A stuttering, socially inept college student meets his idol, a cynical, middle-aged artist who might or might not bear a resemblance to Vivien Leigh. They begin an affair that is mutually destructive...but not necessarily dysfunctional. Contains brief scenes of sexuality.
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"The Bear, " "The Old People, " "A Bear Hunt, " "Race at Morning" – some of Nobel Prize-winning author William Faulkner's most famous stories are collected in this volume – in which he observed, celebrated, and mourned the fragile otherness that is nature, as well as the cruelty and humanity of men. "Contains some of Faulkner's best…
This story originally appeared, with some alterations, in Conte. 5500 words.
Half a dozen paintings stood on their easels, scattered throughout the large, cold space, each one concealed under heavy linen sheets. Ellis wondered if anyone else had seen these pieces yet; La Artista didn’t seem particularly close to her management personnel. He wanted to go to every one of them and throw off their coverings, to press his hands and face into the canvases, but was afraid to ask her permission.
An empty frame stood on the far side of the room, a large wooden square. La Artista laid it down on the floor and pulled a spare sheet over it. “Do you stretch your own canvases?” she asked with her back to him. She looked so thin with her blouse tucked into her skirt that he was reminded of Vivien Leigh again.
“Uh-huh. I mean, sometimes. It’s a l-lot more conv-v-venient t-to buy them r-ready-made.”
“Not as fun, though.” If she’d looked younger on the bus, she sounded it now. Her calves, clothed only in black nylons, arched deliciously as she moved over the frame.
He paced the room for several minutes, looking out each small window. Nothing but street and traffic and brightly-dressed strangers outside. La Artista hummed to herself quietly but didn’t speak to him and it made him nervous.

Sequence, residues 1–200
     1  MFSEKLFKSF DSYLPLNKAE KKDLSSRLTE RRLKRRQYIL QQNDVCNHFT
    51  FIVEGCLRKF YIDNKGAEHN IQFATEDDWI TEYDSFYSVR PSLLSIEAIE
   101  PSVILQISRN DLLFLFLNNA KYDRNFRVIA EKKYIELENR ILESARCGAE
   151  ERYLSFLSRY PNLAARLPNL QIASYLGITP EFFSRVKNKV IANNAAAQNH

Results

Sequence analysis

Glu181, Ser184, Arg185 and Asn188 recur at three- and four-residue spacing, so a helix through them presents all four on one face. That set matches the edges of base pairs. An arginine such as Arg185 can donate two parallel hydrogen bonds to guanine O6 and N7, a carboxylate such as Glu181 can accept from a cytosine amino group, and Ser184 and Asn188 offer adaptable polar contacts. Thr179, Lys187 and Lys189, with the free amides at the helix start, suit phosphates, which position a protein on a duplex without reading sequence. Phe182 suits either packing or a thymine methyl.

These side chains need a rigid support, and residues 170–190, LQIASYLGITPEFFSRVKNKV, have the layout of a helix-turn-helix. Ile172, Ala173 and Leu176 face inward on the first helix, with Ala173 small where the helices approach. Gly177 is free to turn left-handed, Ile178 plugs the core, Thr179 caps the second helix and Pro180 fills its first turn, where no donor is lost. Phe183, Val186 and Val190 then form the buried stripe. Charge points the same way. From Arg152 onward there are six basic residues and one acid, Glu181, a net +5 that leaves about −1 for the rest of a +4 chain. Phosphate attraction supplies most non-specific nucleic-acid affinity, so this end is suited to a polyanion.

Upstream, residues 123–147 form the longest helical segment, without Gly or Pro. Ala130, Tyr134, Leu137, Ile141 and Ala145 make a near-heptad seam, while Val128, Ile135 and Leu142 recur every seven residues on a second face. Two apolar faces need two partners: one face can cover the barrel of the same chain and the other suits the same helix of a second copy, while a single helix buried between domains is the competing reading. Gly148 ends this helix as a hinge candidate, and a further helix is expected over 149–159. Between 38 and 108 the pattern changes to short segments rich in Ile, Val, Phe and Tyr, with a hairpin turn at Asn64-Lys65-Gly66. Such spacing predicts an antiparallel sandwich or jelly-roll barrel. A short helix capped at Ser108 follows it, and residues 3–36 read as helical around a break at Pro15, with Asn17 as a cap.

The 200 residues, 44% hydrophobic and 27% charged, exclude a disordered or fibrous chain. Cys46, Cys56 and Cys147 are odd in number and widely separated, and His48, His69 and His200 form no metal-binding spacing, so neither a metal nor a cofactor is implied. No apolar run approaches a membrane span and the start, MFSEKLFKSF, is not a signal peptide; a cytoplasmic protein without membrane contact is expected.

He went to the easel nearest her and placed his hand on the linen. “Are these really new?” In the vacuum of the studio his voice sounded small, childish.
La Artista pushed her sleeves up again and looked over her shoulder at him. “Yeah. I finished that one about three months ago”
“H-has anyone seen them?”
“My agent’s seen a couple.”
He felt a pang of jealousy. “Can I see them?”
La Artista stared at him, narrowed her eyes almost suspiciously. At last she smiled, baring her teeth, and nodded. “Go ahead.”
He felt a stirring between his legs. “Can I t-touch them?”
She didn’t hesitate. “Don’t do anything to them that you haven’t done to me.” She returned to birthing her canvas. Maybe she didn’t want to see his reactions to her work. Maybe she’d already seen the reactions of the agent and felt bored by new eyes.
He ripped the sheet from the easel and draped it over his shoulders like a cape. The painting was a rather small one, perhaps two-and-a-half feet in height. Another one of her studies of the human figure. A man, a shadowy figure, lay across a bed shaped like a violin, his eyes closed, his arms stretched out over the edge as if reaching toward the floor. He appeared to be nude. This piece was less abstract than usual but every line was still soft and gently blurred with the very edge of a fan brush so that each component seemed to bleed into its surroundings. The man was swallowing the sheets, which were, in turn, swallowing him.
“I love you,” Ellis mumbled, either to La Artista or to the painting itself, and began following the boldest brushstrokes with his fingertips.
When La Artista said nothing he embraced the painting and licked the center of it. The dried paint tasted slightly of old vinegar.
He felt La Artista’s hand on his leg.
“Save some of that for me tonight, baby,” she whispered.